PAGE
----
A new Berkeley IGS Poll revealed Californians’ opinions about a variety of political topics, including reforms to property taxes, climate change-fueled wildfires and the selection of California’s Sen. Kamala Harris as former Vice President Joe Biden’s presidential running mate.
The poll, conducted earlier this month, paints a picture of a heavily Democratic electorate, united on a national level but still deciding many statewide issues. More than two-thirds of all likely voters plan to support Biden in November’s presidential election.
“There is no single policy issue that unites Biden supporters in this election — the overriding unifying theme is simply their determination to see President Trump defeated,” said Eric Schickler, a professor of political science and co-director of UC Berkeley’s Institute of Governmental Studies, which sponsors the poll.
Of the surveyed Democrats, 63% said they were “enthusiastic” that Biden chose Harris as his vice presidential pick. Another 31% said they were “satisfied, but not enthusiastic.” Only 6% of Democrats said they were dissatisfied.
Asked their views on a series of contentious state propositions, many poll respondents said they had largely not yet made up their minds.
Among the findings:
- Forty-nine percent plan to support Proposition 15, which will require commercial and industrial properties to be taxed at market rates. Thirty-four percent plan to oppose the measure, and 17% have yet to make up their minds.
- Asked about Proposition 16, a measure to repeal a 1996 ban on considering race in employment or school admissions, 41% of voters said they would oppose the idea. A third said they would support repeal, and 26% said they had not yet decided.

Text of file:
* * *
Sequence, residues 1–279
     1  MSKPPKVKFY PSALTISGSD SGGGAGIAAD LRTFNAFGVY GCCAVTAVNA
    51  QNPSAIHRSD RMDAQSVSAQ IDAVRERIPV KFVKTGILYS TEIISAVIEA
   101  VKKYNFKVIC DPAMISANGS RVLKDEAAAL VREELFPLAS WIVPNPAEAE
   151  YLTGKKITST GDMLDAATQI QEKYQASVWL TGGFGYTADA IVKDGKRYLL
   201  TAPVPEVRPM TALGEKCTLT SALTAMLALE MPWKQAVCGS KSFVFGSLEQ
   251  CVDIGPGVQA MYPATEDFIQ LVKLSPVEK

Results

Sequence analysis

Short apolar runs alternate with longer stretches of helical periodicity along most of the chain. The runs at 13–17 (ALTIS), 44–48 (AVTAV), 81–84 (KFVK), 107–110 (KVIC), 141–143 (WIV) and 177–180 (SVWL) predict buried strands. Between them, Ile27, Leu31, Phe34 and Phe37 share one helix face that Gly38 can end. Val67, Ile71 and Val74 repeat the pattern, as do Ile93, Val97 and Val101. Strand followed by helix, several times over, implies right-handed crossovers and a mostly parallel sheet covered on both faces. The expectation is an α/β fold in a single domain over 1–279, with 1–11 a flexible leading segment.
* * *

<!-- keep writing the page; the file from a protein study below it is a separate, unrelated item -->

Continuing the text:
- Twenty-six percent of voters also said they had not yet decided how to vote on Proposition 21, which allows cities to expand rent control. Thirty-seven percent said they would support the measure, and 37% said they would oppose.
- An expensive, high-profile fight over whether Uber and Lyft drivers are independent contractors or employees of the tech companies, Proposition 22, has not yet swayed many minds: 25% of voters said they have not yet made a decision. Thirty-nine percent said they would support the measure, while 36% said they would oppose.
Meanwhile, the poll also asked voters their opinion of the mega-wildfires burning across the state. Nearly three-quarters said they believe the threat of wildfire is worse than it has been in past years.
“This view is shared by large majorities of voters in all major regions of the state,” said Mark DiCamillo, director of the Berkeley IGS Poll. Two-thirds of voters believe climate change is driving the increase in wildfires, and almost 40% of voters said they thought wildfires would cause “serious damage” to their communities in the next decade.
The poll was conducted online in English and Spanish from Sept. 9 to 15 and queried 7,198 registered voters. The poll had a margin of error of two percentage points.